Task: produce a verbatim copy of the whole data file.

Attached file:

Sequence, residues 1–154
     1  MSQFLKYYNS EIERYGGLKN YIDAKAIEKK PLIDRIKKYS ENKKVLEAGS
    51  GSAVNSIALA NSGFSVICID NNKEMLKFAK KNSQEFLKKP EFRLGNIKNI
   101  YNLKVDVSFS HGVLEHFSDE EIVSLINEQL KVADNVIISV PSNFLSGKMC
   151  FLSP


Sequence, residues 1–154
     1  MSQFLKYYNS EIERYGGLKN YIDAKAIEKK PLIDRIKKYS ENKKVLEAGS
    51  GSAVNSIALA NSGFSVICID NNKEMLKFAK KNSQEFLKKP EFRLGNIKNI
   101  YNLKVDVSFS HGVLEHFSDE EIVSLINEQL KVADNVIISV PSNFLSGKMC
   151  FLSP